Submissions:

  • Please use the ‘‘Leave a reply’ box down at the bottom of the thread to submit up to 3 of your long ‘spring’ verses. (Since the Jûnicho has 12 verses only and we have many participants, a verse by a different person will be selected each time. I hope those with a verse selected will continue to follow our renku as it unfolds. )
  • Please, if you wish to post a revision of any verse you’ve posted previously , use the ‘reply’ function at the bottom of your original post, NOT the submissions box at the bottom of the thread that reads ‘Leave a reply’.

Please post your submissions before midnight Monday 26th March Eastern USA time. (New York time)That’s the deadline. I find the World Clock handy.

I look forward to reading everyone’s submissions. The selected spring verse and instructions for verse 12, our ageku, will be posted next Thursday morning: March 29th New York time.

– Lorin

 

Our Jûnicho to date

sleigh ride
the road ahead shimmers
in moonlight

– Marta Chocilowska

softly, how softly
snowflakes fall

– Kala Ramesh

my life story
between mouthfuls
of chili con carne

– Lee Nash

his breath as he whispers
“Señora”

– Liz Ann Winkler

the marriage celebrant
apologizes for not
arriving on time

– Barbara A. Taylor

lured by fermenting grapes
a pair of wobbly parrots

– Simon Hanson

on the wagon
a few bales
of straw

– Carol Jones

gone, gone, gone all the way . . .
with the wind

– Michael Henry Lee

a bee
disappears into the bell
of a foxglove

– Andrew Shimield

cameras atop towers
turned to the five boroughs

– Betty Shropshire

This Post Has 70 Comments

  1. . . . and, Ladies and Gentlemen, that’s it for this week. Thank you for your presence and your contributions for our penultimate verse.
    .
    – Lorin

  2. spring fever
    midafternoon
    filing taxes
    .
    or to avoid a double kigo
    .
    spring fever
    midafternoon
    studying law

  3. a sudden thunder
    announces a storm
    among the green branches

    ********************************
    up and down the stairs
    doing the cleaning
    of spring

    ********************************
    looking out the window
    low flight
    of the swallow

      1. This happened to us in Lisbon last year when walking along a street downtown (it was summer but I thought it might link well to spring cleaning)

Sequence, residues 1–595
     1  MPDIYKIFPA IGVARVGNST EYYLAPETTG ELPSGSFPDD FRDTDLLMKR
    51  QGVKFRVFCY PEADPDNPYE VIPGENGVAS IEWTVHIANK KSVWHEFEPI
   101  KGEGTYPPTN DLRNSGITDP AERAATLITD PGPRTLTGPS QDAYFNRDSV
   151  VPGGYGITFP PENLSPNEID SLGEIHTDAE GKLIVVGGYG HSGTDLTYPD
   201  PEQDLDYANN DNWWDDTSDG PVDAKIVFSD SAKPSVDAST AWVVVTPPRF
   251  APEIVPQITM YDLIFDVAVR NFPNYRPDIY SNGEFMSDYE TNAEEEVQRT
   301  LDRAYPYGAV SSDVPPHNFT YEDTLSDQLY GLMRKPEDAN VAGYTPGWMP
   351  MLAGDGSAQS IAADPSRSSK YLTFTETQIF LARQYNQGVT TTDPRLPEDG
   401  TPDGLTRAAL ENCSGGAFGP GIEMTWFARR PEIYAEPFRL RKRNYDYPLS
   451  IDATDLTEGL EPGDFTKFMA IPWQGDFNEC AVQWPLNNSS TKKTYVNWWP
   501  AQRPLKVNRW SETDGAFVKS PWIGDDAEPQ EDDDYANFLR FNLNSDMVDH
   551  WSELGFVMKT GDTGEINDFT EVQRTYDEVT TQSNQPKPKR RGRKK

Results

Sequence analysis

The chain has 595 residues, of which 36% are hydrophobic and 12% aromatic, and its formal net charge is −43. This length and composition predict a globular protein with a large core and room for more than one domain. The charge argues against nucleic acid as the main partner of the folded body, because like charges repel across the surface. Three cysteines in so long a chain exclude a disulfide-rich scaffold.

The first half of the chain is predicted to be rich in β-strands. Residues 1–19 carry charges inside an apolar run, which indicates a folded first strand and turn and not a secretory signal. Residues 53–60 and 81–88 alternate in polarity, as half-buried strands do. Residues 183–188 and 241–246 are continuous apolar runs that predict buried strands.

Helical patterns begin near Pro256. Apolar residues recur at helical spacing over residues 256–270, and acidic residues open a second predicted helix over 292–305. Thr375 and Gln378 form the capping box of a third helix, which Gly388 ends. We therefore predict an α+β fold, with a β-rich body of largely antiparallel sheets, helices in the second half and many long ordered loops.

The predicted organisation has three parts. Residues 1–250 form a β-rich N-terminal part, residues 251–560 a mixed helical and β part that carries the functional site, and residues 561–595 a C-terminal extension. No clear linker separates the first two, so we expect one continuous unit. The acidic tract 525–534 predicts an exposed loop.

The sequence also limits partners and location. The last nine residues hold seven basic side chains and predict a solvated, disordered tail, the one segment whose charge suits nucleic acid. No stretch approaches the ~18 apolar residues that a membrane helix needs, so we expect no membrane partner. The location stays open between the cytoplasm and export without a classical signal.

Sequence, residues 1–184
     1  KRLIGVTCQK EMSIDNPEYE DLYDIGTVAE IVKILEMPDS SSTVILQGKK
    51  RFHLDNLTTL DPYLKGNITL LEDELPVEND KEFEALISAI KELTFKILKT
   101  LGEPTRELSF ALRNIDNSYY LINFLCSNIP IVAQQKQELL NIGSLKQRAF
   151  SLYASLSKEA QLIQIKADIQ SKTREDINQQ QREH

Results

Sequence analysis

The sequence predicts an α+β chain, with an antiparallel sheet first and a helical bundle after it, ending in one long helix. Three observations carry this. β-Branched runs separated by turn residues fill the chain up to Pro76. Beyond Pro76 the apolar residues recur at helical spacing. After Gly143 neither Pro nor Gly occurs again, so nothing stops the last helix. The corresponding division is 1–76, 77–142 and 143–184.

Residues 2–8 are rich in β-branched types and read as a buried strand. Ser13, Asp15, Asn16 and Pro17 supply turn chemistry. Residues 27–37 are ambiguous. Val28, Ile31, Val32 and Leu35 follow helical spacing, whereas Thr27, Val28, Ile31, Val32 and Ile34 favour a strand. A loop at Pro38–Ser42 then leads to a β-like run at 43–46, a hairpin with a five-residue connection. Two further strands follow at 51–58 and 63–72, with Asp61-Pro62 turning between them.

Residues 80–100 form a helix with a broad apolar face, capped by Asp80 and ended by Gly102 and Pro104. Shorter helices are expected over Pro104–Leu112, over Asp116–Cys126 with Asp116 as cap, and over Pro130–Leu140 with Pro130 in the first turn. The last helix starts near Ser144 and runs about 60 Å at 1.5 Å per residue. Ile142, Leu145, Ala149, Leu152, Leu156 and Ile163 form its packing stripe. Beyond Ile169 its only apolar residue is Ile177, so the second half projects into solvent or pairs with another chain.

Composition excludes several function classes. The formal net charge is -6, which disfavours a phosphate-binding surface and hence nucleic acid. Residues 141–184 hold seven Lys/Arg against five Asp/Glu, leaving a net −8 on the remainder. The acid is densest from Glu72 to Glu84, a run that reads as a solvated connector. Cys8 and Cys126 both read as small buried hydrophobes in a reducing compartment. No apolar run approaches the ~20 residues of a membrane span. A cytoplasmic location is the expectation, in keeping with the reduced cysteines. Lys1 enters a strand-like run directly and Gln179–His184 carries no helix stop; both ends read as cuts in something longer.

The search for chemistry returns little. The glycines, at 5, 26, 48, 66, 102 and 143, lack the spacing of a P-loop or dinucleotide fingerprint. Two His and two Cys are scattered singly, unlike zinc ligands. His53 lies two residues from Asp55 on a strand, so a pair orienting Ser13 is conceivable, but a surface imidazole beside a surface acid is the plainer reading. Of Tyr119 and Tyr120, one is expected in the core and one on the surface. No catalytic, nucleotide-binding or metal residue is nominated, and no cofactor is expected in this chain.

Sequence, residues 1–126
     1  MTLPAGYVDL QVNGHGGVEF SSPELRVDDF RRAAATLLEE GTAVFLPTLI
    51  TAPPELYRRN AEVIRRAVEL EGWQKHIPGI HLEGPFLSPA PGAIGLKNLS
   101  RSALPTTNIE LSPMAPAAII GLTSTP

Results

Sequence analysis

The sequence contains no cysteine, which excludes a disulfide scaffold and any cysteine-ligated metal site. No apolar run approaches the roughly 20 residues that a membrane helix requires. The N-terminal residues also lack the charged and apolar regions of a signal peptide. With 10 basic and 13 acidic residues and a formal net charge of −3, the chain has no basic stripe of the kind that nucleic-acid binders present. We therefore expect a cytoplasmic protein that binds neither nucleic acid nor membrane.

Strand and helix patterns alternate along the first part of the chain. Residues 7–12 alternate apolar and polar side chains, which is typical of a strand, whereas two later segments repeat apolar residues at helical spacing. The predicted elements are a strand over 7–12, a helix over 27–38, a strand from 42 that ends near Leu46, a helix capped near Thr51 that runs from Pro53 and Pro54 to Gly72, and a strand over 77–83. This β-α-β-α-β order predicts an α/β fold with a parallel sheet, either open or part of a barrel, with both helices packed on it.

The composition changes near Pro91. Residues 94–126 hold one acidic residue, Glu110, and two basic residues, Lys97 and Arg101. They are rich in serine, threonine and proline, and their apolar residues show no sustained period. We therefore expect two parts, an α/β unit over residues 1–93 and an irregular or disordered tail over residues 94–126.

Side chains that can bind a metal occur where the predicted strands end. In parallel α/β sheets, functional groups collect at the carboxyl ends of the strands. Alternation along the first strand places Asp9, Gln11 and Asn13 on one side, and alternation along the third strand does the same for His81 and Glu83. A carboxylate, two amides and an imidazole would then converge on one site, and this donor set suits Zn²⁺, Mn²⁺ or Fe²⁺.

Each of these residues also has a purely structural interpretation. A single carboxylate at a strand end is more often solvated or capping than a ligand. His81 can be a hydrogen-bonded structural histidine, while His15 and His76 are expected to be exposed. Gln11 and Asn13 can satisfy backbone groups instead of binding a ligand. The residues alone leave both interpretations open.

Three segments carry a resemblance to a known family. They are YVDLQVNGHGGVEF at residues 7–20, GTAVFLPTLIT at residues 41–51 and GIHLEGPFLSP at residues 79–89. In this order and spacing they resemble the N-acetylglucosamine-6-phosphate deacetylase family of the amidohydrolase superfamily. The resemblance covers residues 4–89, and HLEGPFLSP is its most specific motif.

I imagined a child who couldn’t find a mat to sweep it under!

  4. Great choice, Lorin and thank you for your most educational comments. They are much appreciated.

    Betty, what a great verse! It reminded me of the army surveillance towers here in Northern Ireland during The Troubles. Thankfully all gone now. I remember my friends and I whisperjng so the soldiers didn’t hear our conservations – but they probably did anyway!

    1. Gosh, Marion, I can only imagine how awful that was for you and your country. We sure haven’t progressed very far as a species. And yet, I try to remain hopeful…
      And, thank you! ☺

      1. It was a fraught time indeed, Lorin, but things have improved a lot since then. Now, if we can get rid of some of our bigoted politicians it will be even better!

  5. brought back
    by the spring tide
    a peace sign cutout

    (PS Lorin, look at the upper right corner of the page 🙂 )

    1. Thanks, Vida and Marion. I probably would’ve missed it! 🙂 That ku is from 12 years ago now. Where does the time go?
      .
      – Lorin

  6. The heavy coats
    are stored
    in the wardrobes
    ***
    storing the quilt
    you can hear singing
    from the balconies
    ***
    put away knitting
    grandmother plans
    holidays

  7. a bee
    disappears into the bell
    of a foxglove
    .
    cameras atop towers
    turned to the five boroughs
    .
    .
    the sound of sneezing
    inside a new black car
    dusted in pale green

  8. Just for fun, too. 🙂
    .
    in vogue this spring
    hats in all the colours
    of the rainbow
    .
    – Lorin
    .
    That’d be ok. There isn’t any dreaded “double kigo”, a criticism sometimes leveled by some EL haiku aficionados. ‘Spring’ , just as is, is the kigo. If it weren’t for the word ‘spring’, though, the Japanese would take ‘rainbow’ as the kigo. ‘Rainbow’ = ‘summer’ for them if not qualified. In my verse ‘Spring’ cancels all doubt about season.
    .
    I do have a sub-plot in posting this. Here’s the thing: in Japan, as far as season goes, everyone more-or-less agrees upon what happens when. One consults a saijiki. “Aha! ganburo (“bath for the wild geese – kigo for mid-spring”). Righto, now that I have my kigo I can compose a spring verse around it. All of my fellow renkujin will understand what’s implied and if they don’t I can suggest, smiling smugly, that they might want to buy a more inclusive saijiki. ”
    .
    Hmmm.
    .
    “In Lanark, Scotland, children run around with balls made of crumpled paper swinging around their heads near dusk on the first of March. They run laps around the town’s bell, known as the Kirk, until it rings at 6 p.m. after six months of silence during the desolate winter days. This activity is called Whuppity Scoorie.”
    .